I need a hair cut. I was due to go last Tuesday and set out womanfully in the snow and ice only to get snarled up in the gridlocked traffic and so was forced to retreat to the Land of Bad Hair Days. But now, one week on, we have reached the stage of desperation . Short hair is all very well and easy to maintain but it reaches crisis point much more quickly than longer, more forgiving styles. And now I also have the tale telling sneaks that are the grey, curly ones to deal with. My hair has become one job that needs to be kept on top of. Like the ironing pile.

The trouble with hair, in my experience, is that it’s never quite right and yet we women (and possibly men too but not those of my acquaintance) place such gargantuan importance on it. How it appears first thing in the morning can colour our whole day. If it sits as we’d like and shines on demand, then we step out of our door with a spring in our step and a sparkle in our eyes. Those are the days that you see, or imagine that you see (it matters not which) heads being turned or glances being lingered over. By contrast, on the days that your hair refuses to cooperate and can only be teased into an acceptable shape by the use of an excess of product or a hat, one feels more down at heel, less able to conquer the world.

There is another strange hair phenomenon that I have noticed over the years. You spend weeks looking at your hair with an air of dissatisfaction. You buy magazines and turn over the pages of any styles that catch your eye and could realistically be achieved. You discuss you hair and its failings with your friends. And then finally, you make the decision to go for a change and fix an appointment with that aim in mind. No sooner have you done this but your hair raises its game and starts to behave better than you could wish for in your wildest dreams. It styles itself to order. It looks healthy and in control. People comment on how nice it is looking. Heads are turned. Now what? To cut or not to cut? It seems a shame, especially when you have spent so long growing it. So you change your mind. You cancel the appointment. And immediately the hair, confident in its own power, goes back to its old and evil ways. It becomes unmanageable and won’t play. In fact, it behaves more badly than it did before you started thinking about cutting it. But now the appointment is gone and another is not available for weeks. Hair knows this.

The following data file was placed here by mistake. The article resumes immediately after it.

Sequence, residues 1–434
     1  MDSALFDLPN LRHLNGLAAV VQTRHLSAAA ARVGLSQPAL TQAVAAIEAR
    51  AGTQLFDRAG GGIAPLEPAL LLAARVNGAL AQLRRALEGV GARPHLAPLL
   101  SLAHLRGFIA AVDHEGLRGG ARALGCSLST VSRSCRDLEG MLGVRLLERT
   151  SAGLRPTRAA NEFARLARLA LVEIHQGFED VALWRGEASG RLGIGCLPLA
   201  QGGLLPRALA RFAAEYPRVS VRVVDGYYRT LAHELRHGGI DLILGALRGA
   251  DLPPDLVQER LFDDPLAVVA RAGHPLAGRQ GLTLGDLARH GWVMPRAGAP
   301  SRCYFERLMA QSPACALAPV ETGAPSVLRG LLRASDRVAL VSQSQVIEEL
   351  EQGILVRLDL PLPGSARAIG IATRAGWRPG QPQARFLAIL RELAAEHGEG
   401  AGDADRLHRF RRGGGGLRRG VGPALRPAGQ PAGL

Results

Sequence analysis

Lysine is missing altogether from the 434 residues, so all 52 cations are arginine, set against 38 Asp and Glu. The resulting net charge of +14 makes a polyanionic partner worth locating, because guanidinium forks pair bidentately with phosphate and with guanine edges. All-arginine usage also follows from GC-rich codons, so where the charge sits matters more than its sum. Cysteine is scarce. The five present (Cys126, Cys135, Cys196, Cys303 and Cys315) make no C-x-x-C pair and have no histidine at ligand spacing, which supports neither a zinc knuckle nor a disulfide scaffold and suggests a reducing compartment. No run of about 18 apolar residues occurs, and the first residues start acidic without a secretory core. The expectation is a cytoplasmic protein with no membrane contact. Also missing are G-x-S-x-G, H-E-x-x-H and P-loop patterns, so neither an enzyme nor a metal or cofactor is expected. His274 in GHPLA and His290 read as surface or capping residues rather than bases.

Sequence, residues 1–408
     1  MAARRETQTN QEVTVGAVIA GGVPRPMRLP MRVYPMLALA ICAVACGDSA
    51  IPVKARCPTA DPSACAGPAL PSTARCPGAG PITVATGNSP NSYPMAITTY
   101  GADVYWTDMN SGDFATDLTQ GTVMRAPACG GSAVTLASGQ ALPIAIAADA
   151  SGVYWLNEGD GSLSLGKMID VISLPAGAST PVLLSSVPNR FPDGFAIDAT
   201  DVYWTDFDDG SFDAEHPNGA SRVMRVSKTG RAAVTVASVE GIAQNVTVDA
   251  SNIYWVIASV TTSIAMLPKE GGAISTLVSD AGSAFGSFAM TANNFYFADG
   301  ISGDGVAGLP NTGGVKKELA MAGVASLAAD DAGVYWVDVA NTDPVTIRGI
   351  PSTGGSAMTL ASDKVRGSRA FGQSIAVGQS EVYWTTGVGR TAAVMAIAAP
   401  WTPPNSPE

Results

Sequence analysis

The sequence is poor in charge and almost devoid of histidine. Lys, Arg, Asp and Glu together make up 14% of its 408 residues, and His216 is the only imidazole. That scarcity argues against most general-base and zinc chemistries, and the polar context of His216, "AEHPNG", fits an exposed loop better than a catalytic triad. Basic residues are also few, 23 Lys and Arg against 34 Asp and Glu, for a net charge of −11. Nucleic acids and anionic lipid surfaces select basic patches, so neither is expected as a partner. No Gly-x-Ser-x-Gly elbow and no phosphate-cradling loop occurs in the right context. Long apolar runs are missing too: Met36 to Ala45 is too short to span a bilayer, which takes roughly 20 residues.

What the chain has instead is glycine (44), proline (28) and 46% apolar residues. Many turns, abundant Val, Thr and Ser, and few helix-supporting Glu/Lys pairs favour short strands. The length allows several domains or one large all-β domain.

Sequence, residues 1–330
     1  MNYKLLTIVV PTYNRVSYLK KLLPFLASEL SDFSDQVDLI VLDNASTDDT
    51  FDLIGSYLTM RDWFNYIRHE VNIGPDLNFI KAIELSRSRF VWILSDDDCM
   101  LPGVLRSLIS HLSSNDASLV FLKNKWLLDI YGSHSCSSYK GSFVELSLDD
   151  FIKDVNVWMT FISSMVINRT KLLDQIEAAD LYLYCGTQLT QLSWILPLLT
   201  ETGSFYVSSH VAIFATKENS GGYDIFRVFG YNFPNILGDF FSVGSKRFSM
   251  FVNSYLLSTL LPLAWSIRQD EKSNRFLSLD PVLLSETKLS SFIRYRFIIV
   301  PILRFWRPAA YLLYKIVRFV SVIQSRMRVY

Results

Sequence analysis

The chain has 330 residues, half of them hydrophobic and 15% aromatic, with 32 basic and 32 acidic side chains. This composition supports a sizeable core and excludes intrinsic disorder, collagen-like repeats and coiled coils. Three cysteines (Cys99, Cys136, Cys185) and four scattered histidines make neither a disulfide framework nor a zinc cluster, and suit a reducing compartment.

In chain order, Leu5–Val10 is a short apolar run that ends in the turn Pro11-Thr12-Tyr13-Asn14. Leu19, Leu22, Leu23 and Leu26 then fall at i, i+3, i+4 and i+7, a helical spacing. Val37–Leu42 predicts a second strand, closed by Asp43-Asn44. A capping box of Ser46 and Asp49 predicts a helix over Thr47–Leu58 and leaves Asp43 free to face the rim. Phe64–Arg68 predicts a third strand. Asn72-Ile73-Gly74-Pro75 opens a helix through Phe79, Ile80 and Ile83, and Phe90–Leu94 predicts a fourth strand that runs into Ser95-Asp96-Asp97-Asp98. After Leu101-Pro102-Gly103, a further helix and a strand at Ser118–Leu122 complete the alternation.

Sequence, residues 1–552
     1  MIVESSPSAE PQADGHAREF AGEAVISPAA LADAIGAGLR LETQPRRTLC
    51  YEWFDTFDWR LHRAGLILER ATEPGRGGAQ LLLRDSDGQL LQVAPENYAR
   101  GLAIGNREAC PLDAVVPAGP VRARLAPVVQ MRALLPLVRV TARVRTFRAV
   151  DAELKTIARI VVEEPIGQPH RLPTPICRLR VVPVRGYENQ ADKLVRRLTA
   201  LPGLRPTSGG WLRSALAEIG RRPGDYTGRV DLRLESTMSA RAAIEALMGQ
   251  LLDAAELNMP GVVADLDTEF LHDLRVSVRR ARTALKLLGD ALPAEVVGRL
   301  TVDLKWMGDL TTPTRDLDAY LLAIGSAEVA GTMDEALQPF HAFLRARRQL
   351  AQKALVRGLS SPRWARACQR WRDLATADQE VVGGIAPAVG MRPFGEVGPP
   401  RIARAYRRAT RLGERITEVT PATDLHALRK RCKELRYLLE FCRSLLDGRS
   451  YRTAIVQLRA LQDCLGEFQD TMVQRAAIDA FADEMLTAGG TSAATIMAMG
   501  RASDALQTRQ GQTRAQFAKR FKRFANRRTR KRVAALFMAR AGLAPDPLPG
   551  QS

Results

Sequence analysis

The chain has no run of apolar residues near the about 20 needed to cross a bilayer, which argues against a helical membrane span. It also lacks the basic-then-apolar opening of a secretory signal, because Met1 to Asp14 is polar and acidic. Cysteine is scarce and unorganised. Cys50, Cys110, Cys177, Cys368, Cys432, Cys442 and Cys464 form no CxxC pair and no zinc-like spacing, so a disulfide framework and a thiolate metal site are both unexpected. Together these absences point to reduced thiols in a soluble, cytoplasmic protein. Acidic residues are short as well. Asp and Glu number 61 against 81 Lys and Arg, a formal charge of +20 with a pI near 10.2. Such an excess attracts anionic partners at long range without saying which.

But I need have no fear. My appointment is today. By this evening, my life will be back under control and my hair will be my crowning glory, or at least as close to one as I am ever going to get, for another five weeks.